Marlin Greene started his career in the music business in the late 50s, when he released a number of teen-pop singles on a variety of labels. He was part of the Muscle Shoals music scene, and performed in bands (as both guitarist and trumpeter) with musicians who would would later go on work at Rick Hall's Fame Studios. When Quin Ivy set up his Norala Studio in 1965, Hall reccomended Greene when Ivy was looking for an engineer and A&R man. Ivy cut him in for 10% of his new venture, and Greene became his right-hand man in the studio. Shortly afterwards he married Jeanie Johnson, who had come to record as a solo artist at Norala (she soon settled into work as a backing singer).
Norala took off with the success of Percy Sledge (it was Greene who played the lead guitar on "When A Man Loves A Woman"), and Greene was kept busy as an engineer, producer, guitarist and songwriter. For most of his songwriting he partnered with guitarist Eddie Hinton, and their compositions were recorded by Sledge and many other R&B artists at Norala. In 1969 he and Hinton both migrated from Norala to the newly-opened Muscle Shoals Sound Studio, where he continued to work as a producer and musician, though he often returned for Norala for Percy Sledge sessions.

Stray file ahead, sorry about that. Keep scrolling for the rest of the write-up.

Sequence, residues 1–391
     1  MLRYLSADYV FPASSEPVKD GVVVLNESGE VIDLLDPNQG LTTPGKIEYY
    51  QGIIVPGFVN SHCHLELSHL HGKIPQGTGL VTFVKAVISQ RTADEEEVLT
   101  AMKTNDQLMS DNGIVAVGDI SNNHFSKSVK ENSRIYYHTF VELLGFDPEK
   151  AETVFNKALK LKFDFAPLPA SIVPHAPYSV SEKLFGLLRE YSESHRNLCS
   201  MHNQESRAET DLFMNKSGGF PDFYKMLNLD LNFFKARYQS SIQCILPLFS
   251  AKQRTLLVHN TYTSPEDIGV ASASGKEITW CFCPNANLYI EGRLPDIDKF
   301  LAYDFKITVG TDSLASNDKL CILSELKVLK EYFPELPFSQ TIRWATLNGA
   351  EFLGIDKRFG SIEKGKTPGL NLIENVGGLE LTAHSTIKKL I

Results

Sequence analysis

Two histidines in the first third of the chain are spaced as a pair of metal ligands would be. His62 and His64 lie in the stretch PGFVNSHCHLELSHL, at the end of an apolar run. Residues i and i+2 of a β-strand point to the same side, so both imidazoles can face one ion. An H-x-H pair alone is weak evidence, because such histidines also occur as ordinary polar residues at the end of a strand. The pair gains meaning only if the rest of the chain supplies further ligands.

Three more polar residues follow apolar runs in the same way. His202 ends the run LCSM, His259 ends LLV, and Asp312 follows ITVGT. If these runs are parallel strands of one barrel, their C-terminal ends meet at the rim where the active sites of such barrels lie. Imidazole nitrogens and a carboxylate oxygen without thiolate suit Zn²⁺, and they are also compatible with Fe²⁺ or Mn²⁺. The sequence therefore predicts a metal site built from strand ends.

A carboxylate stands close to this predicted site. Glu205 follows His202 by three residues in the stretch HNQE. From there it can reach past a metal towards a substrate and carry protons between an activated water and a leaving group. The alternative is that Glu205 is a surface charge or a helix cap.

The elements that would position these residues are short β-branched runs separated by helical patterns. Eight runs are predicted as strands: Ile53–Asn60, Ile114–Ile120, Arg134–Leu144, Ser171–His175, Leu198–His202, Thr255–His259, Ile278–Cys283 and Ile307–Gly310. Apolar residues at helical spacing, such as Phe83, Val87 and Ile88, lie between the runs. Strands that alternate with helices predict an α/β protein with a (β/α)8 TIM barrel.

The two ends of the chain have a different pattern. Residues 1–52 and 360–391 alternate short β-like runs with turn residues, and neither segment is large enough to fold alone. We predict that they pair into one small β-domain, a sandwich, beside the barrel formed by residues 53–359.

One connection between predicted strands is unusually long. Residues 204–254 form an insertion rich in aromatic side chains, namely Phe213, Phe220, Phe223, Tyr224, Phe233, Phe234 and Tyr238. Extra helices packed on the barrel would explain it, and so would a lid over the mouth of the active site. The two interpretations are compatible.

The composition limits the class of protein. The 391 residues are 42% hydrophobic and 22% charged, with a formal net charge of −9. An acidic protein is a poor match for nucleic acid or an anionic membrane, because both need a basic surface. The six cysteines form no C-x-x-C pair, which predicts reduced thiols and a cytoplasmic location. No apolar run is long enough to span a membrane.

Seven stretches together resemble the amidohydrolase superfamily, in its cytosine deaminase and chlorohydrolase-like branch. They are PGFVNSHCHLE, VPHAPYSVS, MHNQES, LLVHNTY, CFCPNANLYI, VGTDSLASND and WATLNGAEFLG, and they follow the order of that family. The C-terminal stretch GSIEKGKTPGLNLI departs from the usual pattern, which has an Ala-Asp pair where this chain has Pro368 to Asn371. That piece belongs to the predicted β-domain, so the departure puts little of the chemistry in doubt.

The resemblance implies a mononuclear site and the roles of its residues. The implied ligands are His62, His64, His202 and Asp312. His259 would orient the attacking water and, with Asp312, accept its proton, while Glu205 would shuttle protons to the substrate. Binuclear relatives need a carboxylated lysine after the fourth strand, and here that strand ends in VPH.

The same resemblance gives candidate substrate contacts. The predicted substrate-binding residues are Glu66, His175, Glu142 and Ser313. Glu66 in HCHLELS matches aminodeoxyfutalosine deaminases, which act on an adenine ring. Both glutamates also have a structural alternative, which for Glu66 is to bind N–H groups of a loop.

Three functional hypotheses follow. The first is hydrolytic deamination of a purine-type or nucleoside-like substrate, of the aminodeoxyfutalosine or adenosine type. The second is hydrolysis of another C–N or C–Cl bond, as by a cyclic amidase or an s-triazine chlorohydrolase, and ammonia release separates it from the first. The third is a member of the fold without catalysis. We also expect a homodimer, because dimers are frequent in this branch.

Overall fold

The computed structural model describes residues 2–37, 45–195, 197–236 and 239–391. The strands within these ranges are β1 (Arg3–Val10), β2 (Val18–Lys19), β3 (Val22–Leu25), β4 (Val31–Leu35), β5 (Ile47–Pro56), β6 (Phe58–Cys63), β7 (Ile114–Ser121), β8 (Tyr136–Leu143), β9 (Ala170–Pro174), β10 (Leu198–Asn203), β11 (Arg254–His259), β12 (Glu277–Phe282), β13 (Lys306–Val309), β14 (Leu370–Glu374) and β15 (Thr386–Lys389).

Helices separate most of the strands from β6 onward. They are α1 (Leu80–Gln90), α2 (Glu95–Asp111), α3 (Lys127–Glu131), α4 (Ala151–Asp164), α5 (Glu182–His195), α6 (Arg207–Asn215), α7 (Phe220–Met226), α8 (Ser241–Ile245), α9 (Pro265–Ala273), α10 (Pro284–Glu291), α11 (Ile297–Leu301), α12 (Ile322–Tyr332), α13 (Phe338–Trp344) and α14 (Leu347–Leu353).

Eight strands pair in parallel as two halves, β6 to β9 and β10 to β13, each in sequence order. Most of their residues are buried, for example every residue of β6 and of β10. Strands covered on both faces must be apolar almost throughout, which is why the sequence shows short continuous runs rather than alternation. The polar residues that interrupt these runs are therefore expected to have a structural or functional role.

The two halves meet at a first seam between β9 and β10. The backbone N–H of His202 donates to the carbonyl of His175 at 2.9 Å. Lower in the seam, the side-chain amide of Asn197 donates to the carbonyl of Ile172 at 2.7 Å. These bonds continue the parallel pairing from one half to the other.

In 1972 he recorded a solo album at Muscle Shoals Sound with help from all his musician friends, including Hinton, guitarist Wayne Perkins (whom he co-wrote two of the songs with), pianist Chuck Leavell and the studio's rhythm section (and owners) David Hood, Barry Beckett and Roger Hawkins. Considering his background in soul music, Tiptoe Past The Dragon was something notably different, with a mellow, acoustic-based folk-rock sound.